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The Scottish Castles Association
Preserving the Past for the Future

A broch has been discovered near the village of Dunning in Perth

Dunning Broch

The Dunning broch contained Roman trade goods within

Though not associated with castles SCA members will be interested to learn that a broch has been discovered near the village of Dunning in Perth. This is the first of its kind to be discovered in the Lowlands in 100 years and what's more it's in great condition! The remains consist of a massive stone wall more than 2m in height with 5m thick drystone walls.

The broch is situated at the top of a hill with a 360 degrees view of the countryside and would have visibly dominated its surroundings. Finds include a wide range of Roman trade goods dating from the 1st - 2nd centuries. It was destroyed by burning.

Examples of Highland Brochs - Dun-Troddan and Dun Telve in Glenelg

Examples of Highland Brochs - Dun-Troddan and Dun Telve in Glenelg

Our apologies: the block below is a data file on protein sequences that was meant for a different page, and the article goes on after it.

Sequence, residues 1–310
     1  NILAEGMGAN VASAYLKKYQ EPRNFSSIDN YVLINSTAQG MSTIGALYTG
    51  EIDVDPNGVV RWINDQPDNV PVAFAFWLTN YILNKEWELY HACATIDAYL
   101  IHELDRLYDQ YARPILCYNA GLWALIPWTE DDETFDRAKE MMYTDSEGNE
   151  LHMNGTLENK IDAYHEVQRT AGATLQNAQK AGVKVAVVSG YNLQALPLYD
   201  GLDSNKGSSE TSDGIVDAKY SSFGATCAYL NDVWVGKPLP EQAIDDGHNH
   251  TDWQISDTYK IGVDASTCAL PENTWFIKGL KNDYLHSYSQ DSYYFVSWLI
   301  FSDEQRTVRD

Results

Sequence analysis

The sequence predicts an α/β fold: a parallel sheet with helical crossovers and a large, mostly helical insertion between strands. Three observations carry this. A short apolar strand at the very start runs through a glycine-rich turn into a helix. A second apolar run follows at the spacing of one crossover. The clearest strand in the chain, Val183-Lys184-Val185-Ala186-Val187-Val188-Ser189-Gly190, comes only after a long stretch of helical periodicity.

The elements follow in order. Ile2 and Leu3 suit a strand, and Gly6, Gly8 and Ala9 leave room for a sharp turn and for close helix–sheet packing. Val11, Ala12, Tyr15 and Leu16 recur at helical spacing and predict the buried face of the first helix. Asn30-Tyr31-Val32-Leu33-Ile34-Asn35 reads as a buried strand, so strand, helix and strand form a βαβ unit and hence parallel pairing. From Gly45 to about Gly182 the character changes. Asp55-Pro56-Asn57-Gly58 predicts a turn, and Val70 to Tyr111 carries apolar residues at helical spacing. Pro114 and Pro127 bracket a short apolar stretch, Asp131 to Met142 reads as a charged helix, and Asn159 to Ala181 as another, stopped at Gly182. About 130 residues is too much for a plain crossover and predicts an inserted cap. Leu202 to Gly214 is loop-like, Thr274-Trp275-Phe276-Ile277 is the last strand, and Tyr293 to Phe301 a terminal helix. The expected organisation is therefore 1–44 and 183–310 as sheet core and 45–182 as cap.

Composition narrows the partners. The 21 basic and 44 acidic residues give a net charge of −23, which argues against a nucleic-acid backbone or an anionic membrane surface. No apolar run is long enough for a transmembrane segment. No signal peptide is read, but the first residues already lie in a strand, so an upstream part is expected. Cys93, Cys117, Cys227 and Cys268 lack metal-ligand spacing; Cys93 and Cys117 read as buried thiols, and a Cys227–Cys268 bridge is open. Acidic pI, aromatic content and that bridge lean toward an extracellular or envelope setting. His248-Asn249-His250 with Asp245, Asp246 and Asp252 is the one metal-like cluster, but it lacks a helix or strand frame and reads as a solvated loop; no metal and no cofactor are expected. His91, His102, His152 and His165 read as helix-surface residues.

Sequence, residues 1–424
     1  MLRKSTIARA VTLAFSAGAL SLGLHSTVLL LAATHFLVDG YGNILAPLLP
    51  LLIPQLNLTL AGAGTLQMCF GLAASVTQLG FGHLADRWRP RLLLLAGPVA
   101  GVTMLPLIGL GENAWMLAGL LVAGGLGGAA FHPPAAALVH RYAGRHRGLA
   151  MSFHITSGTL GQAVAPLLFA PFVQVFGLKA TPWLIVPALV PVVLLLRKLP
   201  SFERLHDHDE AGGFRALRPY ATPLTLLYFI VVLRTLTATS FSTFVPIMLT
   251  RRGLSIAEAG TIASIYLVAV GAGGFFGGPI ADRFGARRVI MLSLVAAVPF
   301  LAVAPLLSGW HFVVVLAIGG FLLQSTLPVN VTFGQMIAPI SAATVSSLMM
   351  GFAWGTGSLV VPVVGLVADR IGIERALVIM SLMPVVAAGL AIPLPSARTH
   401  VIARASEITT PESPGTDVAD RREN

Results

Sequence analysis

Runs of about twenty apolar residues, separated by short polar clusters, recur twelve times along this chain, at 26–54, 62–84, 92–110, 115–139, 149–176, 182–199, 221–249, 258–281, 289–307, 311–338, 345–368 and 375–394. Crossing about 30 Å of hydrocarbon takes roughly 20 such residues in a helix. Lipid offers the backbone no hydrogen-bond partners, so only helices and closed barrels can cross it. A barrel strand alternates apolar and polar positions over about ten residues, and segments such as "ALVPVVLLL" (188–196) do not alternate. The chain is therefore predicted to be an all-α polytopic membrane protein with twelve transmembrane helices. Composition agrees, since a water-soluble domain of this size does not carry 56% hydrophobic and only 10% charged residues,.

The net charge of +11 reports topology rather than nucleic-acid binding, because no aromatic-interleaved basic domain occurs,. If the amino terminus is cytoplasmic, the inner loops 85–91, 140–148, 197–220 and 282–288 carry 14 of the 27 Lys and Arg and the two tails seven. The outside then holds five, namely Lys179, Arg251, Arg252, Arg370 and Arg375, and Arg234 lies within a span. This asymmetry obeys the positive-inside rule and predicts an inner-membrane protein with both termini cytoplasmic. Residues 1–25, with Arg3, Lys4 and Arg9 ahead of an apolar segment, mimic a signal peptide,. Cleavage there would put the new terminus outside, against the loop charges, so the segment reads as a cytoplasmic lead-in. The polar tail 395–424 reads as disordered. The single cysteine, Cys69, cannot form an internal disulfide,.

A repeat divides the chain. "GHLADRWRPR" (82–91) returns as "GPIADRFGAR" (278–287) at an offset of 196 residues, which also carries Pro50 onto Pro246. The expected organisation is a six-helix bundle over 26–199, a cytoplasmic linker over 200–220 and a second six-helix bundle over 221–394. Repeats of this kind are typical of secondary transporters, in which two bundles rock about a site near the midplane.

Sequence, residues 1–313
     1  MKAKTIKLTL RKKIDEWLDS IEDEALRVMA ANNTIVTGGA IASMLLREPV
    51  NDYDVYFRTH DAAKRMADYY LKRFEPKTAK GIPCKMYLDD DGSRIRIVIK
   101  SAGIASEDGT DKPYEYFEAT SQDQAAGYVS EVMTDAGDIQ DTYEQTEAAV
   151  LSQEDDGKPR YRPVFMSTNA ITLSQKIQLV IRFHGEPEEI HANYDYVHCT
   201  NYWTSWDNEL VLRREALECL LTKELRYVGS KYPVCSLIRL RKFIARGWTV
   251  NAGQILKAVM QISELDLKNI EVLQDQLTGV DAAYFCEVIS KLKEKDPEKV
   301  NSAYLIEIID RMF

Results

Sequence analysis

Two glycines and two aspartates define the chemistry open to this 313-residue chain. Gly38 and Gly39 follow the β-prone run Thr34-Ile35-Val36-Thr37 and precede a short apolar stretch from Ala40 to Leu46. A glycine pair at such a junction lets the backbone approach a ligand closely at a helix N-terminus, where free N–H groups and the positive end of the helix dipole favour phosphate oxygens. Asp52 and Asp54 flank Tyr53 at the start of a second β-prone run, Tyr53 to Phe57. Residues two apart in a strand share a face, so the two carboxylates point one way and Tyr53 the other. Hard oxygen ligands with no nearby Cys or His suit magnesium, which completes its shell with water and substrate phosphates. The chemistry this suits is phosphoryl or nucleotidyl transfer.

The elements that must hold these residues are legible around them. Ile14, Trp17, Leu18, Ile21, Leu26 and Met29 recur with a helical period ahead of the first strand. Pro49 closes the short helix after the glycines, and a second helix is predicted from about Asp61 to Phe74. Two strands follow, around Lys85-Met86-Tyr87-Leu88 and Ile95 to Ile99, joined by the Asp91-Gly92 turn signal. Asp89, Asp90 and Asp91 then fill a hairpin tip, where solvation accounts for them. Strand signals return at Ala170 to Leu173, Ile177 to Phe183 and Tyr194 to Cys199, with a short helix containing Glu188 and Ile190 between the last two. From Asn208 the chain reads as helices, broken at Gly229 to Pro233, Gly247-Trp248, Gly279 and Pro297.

Date posted: 09 Jan 2012Last updated: 05 Dec 2014

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Default: Earliest comments appear first Comments found: (2)
Comment by: Brian McGarrigle on Mon, 2nd Jul 2012, 11:38 amRef id: 19

There are, in fact 3 other brochs discovered in the lowlands during the last 100 years! Two are in Stirlingshire (forming a clump of 4 in the area) namely Leckie, Arnpiror and Fairy Knowe, Buchlyvie. Leckie had been violently overthrown and Fairy Knowe had been dismantled and converted into a 'round house' the usual suspects being the Romans. Calla Broch in Lanarkshire is the third. Buchlyvie boasts a good tea room as well as the broch for those visiting!

Comment by: Brian McGarrigle on Tue, 8th Sep 2015, 3:55 pmRef id: 63

Castle Craig Broch, discovered in 2011, forms part of a major exhibition in the Hunterian Museum, Glasgow. Excavations have revealed its burning and violent dismantling which resulted in a vast spread of rubble. The culprits would appear to have been the Romans. The broch stood at least 9m high with circular walls 5m thick and a diameter of 23m. Castle Craig would have been visible for miles around. The exhibition is open until 3 January 2016.

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